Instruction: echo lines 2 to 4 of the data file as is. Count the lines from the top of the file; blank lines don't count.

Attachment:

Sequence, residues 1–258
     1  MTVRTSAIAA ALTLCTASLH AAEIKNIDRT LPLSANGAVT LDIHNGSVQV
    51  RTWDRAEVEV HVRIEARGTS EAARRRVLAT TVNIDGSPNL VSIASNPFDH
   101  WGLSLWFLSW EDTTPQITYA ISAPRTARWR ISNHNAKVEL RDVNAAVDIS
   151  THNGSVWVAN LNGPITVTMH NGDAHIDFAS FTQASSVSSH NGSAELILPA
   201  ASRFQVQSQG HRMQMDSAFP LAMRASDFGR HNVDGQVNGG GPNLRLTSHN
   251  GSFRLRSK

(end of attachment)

     1  MTVRTSAIAA ALTLCTASLH AAEIKNIDRT LPLSANGAVT LDIHNGSVQV
    51  RTWDRAEVEV HVRIEARGTS EAARRRVLAT TVNIDGSPNL VSIASNPFDH
   101  WGLSLWFLSW EDTTPQITYA ISAPRTARWR ISNHNAKVEL RDVNAAVDIS